The Great Migrations of the Springbok Gazelle
The springbok, or springbuck, the small antelope which is South Africa’s national animal, and the name of the national rugby team, is an animal that has evolved in the dry Karoo region of the Cape.
Being the national emblem, tourists expect to see the animal all over the country, and staff at the Kruger National Park, Kwa Zulu-Natal parks and elsewhere, are often asked why they are not in those parks. The answer is simply that their natural distribution area is that of the dry Karoo and bordering areas. Driving through the Karoo on any given day, you will see many of these animals cropping away at the grasses and other plants that survive in that inhospitable climate. Mind you – they are behind game fences nowadays.
Three races of springbok are recognized: the Angola, the Kalahari and the Karoo. For breeding purposes, game farmers mixed and crossbred the three sub species, so what you see in the Karoo could be pure bred Karoo Springbok (Antidorcas marsupialis masupialis) or a cross between two or more of the subspecies.
Other commonly seen animals in the Karoo are several species of tortoise, the Cape Anteater (aardvark), the aardwolf, springhares (which is actually a rodent, and not a hare), meerkats and bat-eared foxes.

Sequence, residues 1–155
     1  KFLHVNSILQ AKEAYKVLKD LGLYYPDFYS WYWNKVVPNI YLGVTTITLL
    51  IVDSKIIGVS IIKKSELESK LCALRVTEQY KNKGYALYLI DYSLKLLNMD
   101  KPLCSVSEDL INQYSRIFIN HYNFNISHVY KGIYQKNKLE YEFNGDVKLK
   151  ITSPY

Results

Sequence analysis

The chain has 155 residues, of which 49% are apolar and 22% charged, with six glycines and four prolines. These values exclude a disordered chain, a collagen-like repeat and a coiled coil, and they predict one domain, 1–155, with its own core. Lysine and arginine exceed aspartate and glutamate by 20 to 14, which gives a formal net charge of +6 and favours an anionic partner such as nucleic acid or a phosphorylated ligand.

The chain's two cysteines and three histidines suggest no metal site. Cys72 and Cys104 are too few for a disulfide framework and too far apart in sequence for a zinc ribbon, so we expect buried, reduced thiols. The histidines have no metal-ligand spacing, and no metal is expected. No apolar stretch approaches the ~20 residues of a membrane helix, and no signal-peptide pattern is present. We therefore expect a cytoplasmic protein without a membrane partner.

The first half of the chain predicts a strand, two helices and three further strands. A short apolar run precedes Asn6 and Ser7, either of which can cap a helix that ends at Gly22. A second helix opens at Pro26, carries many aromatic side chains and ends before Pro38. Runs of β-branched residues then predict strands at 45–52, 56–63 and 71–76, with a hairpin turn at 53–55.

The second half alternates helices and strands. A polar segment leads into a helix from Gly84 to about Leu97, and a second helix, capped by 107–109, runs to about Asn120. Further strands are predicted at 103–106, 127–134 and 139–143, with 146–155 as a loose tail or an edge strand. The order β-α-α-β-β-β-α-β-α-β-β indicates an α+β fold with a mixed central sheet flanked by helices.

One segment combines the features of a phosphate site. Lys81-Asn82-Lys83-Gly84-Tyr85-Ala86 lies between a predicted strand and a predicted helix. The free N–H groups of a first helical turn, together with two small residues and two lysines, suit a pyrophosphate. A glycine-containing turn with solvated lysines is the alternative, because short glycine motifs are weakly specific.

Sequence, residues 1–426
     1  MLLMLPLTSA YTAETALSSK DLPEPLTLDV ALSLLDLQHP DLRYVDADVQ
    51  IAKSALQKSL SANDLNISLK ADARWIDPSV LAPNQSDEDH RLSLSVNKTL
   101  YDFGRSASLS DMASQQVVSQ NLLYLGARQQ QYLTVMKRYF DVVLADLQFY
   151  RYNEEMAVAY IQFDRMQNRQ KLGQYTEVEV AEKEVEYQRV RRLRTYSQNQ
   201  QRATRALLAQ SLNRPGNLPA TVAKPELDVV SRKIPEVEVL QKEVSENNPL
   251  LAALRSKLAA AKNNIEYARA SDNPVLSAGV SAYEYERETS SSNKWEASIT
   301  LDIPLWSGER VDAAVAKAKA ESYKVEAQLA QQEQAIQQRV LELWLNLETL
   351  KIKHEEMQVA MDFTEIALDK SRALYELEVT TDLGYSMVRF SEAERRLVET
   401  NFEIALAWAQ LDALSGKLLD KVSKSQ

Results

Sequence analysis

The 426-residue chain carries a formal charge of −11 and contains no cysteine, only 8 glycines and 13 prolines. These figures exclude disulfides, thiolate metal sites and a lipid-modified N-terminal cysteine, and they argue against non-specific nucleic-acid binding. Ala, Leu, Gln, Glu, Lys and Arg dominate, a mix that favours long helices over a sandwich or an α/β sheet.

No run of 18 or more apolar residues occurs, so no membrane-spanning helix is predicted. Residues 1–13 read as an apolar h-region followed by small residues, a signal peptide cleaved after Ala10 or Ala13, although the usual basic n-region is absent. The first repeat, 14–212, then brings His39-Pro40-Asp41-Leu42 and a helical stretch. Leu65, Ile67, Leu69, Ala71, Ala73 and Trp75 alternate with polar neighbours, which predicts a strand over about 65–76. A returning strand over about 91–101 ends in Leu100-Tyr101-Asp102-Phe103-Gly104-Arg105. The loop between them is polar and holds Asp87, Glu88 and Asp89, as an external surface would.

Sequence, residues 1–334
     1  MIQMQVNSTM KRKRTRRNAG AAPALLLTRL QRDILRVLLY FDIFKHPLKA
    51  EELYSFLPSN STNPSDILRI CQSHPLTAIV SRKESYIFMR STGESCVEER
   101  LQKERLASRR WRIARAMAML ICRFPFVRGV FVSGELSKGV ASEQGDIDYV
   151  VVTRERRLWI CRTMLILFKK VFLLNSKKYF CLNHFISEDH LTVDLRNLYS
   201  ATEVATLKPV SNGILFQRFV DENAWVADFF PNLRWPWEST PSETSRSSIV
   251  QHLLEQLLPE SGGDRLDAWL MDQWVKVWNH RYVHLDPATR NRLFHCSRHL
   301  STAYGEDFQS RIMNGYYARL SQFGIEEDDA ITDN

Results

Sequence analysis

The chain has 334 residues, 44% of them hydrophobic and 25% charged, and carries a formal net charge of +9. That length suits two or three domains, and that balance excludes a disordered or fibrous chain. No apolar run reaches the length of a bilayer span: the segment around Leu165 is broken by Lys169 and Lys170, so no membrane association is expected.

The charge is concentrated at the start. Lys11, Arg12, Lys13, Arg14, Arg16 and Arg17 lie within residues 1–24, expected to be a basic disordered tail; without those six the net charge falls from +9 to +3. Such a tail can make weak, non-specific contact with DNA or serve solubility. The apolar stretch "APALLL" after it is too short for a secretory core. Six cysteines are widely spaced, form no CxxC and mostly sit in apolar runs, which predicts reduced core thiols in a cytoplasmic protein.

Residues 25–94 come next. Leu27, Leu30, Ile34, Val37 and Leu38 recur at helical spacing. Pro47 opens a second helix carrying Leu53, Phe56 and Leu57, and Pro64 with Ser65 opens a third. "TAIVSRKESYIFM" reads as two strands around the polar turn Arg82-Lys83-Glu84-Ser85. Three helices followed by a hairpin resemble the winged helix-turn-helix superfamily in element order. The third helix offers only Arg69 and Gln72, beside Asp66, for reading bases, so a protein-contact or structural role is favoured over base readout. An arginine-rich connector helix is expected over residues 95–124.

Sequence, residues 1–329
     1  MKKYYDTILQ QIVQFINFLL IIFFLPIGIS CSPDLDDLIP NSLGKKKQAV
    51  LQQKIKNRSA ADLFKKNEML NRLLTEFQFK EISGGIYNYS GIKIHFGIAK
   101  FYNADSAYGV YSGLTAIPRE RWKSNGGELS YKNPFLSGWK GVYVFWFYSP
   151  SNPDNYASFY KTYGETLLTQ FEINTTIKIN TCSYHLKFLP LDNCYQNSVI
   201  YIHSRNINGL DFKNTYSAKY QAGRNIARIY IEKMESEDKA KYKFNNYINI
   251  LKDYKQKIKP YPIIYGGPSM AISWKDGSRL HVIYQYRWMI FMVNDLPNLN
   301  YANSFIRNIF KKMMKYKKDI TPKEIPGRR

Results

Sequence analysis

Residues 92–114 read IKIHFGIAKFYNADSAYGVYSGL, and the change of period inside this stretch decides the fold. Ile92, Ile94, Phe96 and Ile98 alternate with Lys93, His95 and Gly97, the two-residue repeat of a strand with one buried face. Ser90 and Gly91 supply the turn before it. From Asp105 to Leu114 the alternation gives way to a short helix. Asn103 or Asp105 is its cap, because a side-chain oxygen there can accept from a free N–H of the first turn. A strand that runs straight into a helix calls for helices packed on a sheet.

Springhare, meerkats and a bat-eared fox
During the 1800s, South Africa’s Karoo region had enormous migrations of springbok (I’m sticking to this spelling).
These treks, which were the result of droughts and where food was available, were the biggest in the world, with literally millions of animals moving in one direction, over veld, farms and through towns in an unabated wave of animals, that, like locusts, ate everything before and under them.
The bison migration of North America, and the Wildebeest migration in East Africa of the same period were small compared to what was commonly known as the trekbokke phenomenon. Translation from the Afrikaans word: trek means to move / migrate / travel, bok is an antelope / buck. Today, East Africa’s Maasai Mara Wildebeest / gnu migration is the biggest terrestrial animal migration in the world. The springbok is very similar to the speedy plains gazelle of East Africa, the Thomsons Gazelle, the big differences being the shape of their horns and distribution area.
The springbok stands 75cm tall at the shoulder, and weighs about 40kg, and both sexes have lyre shaped horns. It is a light fawn colour, with a lateral sides stripe of dark brown (seen as black) and below that, the belly is white. The chest is also white. It has a short black tail and an unusual dorsal crest which is only seen erect when the animal does its famous ‘pronking’, a stiff legged bounce. The springbok can clear the regular farm fences with ease, but occasionally will misjudge, and get tangled in the wires, leading to a slow and agonizing death of the animal. It is not reliant on surface water, the moisture it gets from the vegetation it eats is sufficient, but they will drink if they come across a water source.